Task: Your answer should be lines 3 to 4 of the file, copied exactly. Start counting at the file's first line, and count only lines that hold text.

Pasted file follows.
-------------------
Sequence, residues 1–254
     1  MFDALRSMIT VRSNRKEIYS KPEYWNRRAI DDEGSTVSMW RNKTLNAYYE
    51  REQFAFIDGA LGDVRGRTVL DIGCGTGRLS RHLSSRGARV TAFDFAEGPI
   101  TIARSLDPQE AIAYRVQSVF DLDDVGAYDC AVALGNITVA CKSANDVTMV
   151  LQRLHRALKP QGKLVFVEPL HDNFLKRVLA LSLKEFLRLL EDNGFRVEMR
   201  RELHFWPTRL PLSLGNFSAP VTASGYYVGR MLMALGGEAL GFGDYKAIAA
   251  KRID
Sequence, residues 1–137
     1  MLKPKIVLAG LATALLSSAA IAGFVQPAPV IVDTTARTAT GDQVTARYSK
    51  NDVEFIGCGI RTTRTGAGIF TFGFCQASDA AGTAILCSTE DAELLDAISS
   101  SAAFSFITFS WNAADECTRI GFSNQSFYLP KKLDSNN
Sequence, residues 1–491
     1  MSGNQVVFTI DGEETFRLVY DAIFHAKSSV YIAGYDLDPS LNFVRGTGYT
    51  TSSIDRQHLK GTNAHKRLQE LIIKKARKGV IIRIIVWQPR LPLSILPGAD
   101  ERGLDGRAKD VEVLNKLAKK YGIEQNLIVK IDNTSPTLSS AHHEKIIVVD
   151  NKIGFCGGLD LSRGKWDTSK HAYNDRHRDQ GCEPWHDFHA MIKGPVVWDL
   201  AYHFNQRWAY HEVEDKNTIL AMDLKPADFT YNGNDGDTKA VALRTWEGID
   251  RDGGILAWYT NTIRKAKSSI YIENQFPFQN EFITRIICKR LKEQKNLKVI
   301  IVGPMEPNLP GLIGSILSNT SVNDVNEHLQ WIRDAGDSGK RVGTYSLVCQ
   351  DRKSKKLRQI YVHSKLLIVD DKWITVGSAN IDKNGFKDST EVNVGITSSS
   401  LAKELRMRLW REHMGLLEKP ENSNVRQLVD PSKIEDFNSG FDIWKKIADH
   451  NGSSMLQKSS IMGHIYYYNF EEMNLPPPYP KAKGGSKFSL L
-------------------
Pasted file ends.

    51  REQFAFIDGA LGDVRGRTVL DIGCGTGRLS RHLSSRGARV TAFDFAEGPI
   101  TIARSLDPQE AIAYRVQSVF DLDDVGAYDC AVALGNITVA CKSANDVTMV